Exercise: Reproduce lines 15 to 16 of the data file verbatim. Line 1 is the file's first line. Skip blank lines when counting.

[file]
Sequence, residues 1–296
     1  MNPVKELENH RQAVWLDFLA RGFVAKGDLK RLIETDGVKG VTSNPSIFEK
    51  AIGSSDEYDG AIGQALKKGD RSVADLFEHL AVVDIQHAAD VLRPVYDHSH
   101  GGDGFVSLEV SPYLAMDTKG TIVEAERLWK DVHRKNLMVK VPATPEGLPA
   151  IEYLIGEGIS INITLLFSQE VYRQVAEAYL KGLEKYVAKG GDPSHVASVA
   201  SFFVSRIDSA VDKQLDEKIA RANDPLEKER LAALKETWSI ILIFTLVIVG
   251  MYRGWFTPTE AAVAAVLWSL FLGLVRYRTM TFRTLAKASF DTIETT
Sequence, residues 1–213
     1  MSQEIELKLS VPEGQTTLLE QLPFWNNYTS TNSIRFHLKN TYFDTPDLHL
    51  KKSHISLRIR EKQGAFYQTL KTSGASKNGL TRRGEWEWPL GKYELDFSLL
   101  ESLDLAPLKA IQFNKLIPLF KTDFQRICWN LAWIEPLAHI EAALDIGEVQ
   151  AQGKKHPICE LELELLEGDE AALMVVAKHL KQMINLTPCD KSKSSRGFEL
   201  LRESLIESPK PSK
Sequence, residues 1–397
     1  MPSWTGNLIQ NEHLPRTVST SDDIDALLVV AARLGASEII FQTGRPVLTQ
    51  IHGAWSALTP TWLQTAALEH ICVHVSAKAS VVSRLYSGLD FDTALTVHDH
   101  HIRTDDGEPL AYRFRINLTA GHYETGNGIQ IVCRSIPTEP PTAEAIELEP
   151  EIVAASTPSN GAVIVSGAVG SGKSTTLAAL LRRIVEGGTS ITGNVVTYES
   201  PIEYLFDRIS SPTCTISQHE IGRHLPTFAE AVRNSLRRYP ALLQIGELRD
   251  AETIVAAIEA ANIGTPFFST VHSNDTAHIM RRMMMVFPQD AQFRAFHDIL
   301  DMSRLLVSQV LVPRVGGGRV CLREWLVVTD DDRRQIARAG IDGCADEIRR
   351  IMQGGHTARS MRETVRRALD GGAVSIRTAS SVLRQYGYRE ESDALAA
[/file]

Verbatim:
     1  MPSWTGNLIQ NEHLPRTVST SDDIDALLVV AARLGASEII FQTGRPVLTQ
    51  IHGAWSALTP TWLQTAALEH ICVHVSAKAS VVSRLYSGLD FDTALTVHDH